California Dog Bite Cases: You Better Keep an Eye on Your Pup
There is no doubt that Americans love their pets. Humans and dogs have been living together for tens of thousands of years. There is a saying that “a dog is a man’s best friend”.
I myself have three dogs; two Siberian Huskies and a good old fashioned American mutt I rescued from a pound.
Although a dog can be your best friend, a dog could become your worst nightmare if the dog bites and/or attacks a person.
In the state of California; Dog owners are strictly responsible for the actions of their dogs. In other words, if your dog bites a person, you are strictly responsible for all damages caused by the dog.
No matter how well trained your dog is, you never know when he will bite you. Even small breeds can cause bites that result in permanent scarring and significant damage.
It is your responsibility as a dog owner to ensure that your dog does not bite another person. You should always walk your dog on a leash; secure your garden and house so that the dog cannot escape and bite someone; and secure your dog in one room when he has visitors over. If you don’t take precautions when it comes to your dog, you could receive significant damages in a lawsuit if your dog bites someone.
In some cases, your owner’s insurance policy may cover you if your dog bites someone in your home or on your property. In some cases, it may not. If you have homeowners insurance that will cover a dog bite, that’s great, however in the end you’ll probably end up paying a higher premium for homeowners insurance, or your insurance will be canceled entirely. If you don’t have insurance, you may be trapped in a mass lawsuit in a lawsuit that you must pay for out of pocket.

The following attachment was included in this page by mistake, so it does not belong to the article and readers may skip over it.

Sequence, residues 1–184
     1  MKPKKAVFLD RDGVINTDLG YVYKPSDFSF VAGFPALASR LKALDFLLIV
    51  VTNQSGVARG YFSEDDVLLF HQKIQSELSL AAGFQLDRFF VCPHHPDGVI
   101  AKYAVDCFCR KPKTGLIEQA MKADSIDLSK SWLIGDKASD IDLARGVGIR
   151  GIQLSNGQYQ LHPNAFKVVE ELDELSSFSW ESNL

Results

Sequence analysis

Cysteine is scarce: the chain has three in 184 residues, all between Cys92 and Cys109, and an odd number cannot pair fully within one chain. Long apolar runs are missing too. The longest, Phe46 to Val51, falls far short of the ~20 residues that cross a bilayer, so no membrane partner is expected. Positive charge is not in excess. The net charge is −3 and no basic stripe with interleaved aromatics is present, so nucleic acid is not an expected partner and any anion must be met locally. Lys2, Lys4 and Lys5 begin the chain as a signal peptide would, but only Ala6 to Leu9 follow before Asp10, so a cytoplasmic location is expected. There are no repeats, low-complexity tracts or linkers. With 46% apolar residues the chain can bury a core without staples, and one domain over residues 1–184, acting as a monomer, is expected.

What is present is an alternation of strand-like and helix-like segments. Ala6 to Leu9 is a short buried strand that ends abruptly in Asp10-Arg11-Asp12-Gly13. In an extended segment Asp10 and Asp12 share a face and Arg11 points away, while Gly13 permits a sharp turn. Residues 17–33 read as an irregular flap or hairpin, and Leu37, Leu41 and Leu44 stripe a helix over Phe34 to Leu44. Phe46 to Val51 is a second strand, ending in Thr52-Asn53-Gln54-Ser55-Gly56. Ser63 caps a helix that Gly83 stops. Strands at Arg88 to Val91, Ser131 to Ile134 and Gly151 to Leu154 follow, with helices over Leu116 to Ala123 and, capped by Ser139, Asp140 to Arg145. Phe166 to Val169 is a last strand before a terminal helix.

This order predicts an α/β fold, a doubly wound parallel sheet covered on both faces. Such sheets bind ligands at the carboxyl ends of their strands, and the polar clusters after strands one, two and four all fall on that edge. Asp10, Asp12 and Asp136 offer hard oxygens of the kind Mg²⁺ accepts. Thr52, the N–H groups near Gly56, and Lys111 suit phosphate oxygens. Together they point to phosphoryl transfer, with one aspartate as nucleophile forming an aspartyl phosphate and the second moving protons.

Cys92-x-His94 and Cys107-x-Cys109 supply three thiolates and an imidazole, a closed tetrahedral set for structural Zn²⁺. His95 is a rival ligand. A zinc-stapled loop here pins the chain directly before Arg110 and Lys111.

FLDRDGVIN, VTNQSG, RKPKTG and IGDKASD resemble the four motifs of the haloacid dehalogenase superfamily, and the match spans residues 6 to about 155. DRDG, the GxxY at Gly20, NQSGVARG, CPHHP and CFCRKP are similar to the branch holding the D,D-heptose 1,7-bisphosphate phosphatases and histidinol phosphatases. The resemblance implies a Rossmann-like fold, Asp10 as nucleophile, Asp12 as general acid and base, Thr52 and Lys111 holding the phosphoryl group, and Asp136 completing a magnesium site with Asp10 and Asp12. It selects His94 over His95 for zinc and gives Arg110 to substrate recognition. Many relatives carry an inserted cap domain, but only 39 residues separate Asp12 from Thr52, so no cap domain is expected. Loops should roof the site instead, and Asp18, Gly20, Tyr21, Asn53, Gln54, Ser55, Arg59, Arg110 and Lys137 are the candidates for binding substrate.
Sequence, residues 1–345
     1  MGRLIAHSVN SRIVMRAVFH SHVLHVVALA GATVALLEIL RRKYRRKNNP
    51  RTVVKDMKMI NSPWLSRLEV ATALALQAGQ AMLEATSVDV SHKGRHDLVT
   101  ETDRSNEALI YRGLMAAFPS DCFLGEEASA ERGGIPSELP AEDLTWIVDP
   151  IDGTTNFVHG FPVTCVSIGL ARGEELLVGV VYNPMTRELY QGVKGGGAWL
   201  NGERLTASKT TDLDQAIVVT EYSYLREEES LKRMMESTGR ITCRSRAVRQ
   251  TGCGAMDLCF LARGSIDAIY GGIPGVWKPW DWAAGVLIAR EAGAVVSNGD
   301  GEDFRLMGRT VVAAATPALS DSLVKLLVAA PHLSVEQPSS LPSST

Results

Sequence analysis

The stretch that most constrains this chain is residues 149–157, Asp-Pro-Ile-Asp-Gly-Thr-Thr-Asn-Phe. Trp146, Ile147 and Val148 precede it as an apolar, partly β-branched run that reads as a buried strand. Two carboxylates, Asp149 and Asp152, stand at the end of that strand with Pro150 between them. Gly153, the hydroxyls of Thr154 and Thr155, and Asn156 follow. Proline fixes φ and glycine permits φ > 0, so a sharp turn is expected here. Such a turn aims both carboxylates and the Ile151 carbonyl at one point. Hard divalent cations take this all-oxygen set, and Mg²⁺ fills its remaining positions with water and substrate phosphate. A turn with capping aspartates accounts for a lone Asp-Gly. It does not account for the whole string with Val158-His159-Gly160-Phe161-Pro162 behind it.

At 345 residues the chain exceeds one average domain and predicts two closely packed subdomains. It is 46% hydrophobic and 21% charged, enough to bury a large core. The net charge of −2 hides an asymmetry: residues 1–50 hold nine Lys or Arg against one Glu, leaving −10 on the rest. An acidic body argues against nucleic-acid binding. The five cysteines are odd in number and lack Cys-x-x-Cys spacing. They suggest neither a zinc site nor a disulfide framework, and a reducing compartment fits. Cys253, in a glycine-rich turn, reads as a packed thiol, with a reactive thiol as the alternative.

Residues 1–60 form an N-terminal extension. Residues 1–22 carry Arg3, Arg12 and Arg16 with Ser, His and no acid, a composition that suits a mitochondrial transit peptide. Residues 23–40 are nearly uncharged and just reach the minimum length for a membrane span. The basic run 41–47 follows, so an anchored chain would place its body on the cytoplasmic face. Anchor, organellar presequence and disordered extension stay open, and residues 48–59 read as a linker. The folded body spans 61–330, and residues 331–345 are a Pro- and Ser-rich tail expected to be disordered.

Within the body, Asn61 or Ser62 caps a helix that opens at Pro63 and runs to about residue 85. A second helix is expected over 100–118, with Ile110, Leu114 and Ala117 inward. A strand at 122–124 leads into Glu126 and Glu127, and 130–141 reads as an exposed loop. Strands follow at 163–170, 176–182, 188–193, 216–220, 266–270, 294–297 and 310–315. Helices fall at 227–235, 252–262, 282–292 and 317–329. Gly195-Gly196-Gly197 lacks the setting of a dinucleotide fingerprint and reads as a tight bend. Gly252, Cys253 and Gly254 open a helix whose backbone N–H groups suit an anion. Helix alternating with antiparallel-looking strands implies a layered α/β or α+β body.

There is another problem regarding dog bite cases that affects owners who rent their property to people who have dogs; A landlord can be held liable for his tenant’s dogs under the theory of negligence and premises liability. I have successfully handled cases against owners whose dogs bit a person.
Landlords are not strictly liable for dog bites caused by their tenants’ dogs, however, they could be held liable under the theory of negligence and liability if they knew or should have known that their tenants’ dogs were prone to being aggressive and/or bites people.
The conclusion is the following; love your dogs, enjoy your dogs, but be sure to keep your dogs under control at all times. The consequences of not doing so could be disastrous.
If you are a landlord, you may want to exercise caution when renting to people with dogs.
By Norman Gregory Fernandez, ESQ © 2006